Peter Costello's five most 'profligate' decisions as treasurer cost the budget $56bn a year
According to the IMF, the Howard/Costello government were the in Australia for the last 50 years. Indeed, while the mining boom was gathering pace they cut taxes so far and so fast that they forced the Reserve Bank of Australia to rates.
While countries like Norway took the benefits of resource price booms and banked them in their Peter Costello chose to cut taxes for the wealthy instead. He knew at the time that his populist generosity to the highest income earners would force future treasurers to choose between budget deficits or cutting spending on the sick, the poor and elderly. No prizes for guessing which our former treasurer prefers.
The only thing Peter Costello hates more than budget deficits is collecting the revenue needed to fix them. Just as his government did nothing about the long term challenge of climate change, his government did nothing to set up Australia's long term public finances.
In 2007 Mr Costello reduced taxation on income earned from superannuation to zero for Australians over the age of 60. At the same time he removed the superannuation surcharge.
The superannuation surcharge acknowledged that the benefit of superannuation tax concessions flowed mainly to high income earners. It meant that those on high incomes paid a higher concessional tax rate on their super contributions and earnings. Mr Costello abolished it in 2005 which meant that high income earners paid a flat 15 per cent tax rate on all superannuation contributions and earnings.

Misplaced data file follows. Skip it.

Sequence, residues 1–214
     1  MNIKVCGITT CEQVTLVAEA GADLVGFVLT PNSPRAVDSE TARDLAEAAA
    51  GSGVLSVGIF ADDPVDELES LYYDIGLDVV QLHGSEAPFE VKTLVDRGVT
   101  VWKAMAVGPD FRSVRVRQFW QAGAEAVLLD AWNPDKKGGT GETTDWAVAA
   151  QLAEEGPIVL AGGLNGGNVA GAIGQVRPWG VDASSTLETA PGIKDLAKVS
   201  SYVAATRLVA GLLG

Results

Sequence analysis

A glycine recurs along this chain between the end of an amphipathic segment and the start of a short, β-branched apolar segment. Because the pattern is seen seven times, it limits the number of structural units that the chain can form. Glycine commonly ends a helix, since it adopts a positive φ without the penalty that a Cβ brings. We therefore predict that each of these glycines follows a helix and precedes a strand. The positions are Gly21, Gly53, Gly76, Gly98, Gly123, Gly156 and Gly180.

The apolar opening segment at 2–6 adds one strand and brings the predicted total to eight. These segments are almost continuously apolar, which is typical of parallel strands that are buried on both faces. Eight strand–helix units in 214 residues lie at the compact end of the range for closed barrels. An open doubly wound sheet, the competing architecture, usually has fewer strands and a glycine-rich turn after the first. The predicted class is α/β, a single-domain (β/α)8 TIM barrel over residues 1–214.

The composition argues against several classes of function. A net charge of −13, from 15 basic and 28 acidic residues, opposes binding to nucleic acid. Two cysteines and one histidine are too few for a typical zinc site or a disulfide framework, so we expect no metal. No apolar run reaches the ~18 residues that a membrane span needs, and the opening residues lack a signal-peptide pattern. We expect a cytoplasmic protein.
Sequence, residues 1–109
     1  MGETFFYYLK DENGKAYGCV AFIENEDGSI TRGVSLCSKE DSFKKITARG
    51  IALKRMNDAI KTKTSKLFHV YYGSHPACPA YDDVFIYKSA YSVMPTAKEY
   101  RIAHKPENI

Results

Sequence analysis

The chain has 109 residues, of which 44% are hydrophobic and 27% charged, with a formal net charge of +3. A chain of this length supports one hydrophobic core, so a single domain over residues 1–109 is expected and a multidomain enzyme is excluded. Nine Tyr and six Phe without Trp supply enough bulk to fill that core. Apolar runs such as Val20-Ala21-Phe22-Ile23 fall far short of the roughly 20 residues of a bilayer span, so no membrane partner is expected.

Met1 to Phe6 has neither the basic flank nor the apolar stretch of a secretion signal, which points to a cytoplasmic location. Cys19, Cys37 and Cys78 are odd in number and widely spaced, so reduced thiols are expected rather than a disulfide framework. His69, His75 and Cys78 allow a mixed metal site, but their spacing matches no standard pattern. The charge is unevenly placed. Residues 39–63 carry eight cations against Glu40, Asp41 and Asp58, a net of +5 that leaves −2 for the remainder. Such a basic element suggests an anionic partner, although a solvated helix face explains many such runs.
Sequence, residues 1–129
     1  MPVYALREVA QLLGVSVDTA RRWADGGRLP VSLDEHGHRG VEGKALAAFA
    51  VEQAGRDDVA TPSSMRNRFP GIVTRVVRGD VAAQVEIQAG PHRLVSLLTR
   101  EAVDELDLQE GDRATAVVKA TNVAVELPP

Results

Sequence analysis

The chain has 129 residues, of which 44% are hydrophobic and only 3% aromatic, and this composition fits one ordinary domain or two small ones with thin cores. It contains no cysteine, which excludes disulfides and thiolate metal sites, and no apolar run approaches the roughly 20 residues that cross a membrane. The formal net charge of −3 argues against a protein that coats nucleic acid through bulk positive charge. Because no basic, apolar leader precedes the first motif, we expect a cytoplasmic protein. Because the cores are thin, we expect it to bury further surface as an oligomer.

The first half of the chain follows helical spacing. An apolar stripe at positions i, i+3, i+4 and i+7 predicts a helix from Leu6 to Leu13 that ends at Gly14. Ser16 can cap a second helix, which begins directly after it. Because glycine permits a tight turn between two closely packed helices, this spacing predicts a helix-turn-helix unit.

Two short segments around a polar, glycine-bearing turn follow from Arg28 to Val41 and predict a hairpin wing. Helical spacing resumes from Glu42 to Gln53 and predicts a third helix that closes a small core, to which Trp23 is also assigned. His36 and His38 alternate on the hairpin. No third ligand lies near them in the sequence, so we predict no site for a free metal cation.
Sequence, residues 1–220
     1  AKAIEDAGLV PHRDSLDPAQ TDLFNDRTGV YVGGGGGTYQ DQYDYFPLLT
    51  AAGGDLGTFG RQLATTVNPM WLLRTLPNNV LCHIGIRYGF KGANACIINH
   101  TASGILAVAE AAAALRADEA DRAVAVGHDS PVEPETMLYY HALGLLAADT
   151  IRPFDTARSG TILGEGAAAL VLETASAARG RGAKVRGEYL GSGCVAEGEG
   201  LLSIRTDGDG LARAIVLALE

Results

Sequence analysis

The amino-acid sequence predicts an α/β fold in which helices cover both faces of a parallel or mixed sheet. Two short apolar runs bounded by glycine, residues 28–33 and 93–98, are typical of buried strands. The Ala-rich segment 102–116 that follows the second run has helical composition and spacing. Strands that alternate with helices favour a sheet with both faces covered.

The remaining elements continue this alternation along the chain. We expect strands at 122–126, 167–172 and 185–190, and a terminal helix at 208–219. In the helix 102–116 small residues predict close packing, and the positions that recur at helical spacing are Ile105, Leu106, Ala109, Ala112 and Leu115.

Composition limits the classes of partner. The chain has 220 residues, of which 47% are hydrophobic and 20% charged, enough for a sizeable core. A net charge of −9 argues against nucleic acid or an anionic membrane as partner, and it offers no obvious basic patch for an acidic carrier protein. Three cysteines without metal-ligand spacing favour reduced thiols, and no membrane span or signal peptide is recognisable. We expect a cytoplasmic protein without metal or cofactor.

At the time these super changes were estimated to cost the by 2009-10. With the rapid growth in superannuation tax concessions (they are currently growing at about 12 per cent) they would be worth much more today.
When companies pay dividends to Australia shareholders out of after-tax profit, shareholders also receive 'franking credits' which are a credit against their own tax obligation and based on the tax paid by the company. This system, known as 'dividend imputation' is unusual and only 4 other countries in the world use it.
However, in 2000 Mr Costello made the system even more generous to shareholders by allowing them to get a cash refund if they receive more in 'franking credits' than they actually owe in tax. Because income from superannuation is tax free for people over 60, high income retirees can use franking credits to get a cash gift of over 40 cents for every dollar they receive in dividends.
These five changes are worth $56 billion per annum. This is likely to be a very conservative estimate since some of these costs were for earlier years. The total is likely to be much more.
A growing number of organisations including The Australia Institute are making suggestions on how the government might repair the budget by making changes that would allow more revenue to be raised. Of course Peter Costello dismisses these suggestions and describes them as coming from ‘lefties’. Presumably he thinks the IMF is a front for global socialism as well.
It was the IMF who called out the Howard/Costello government as the most profligate in Australia in the last 50 years.
Economist Richard Denniss is executive director of The Australia Institute.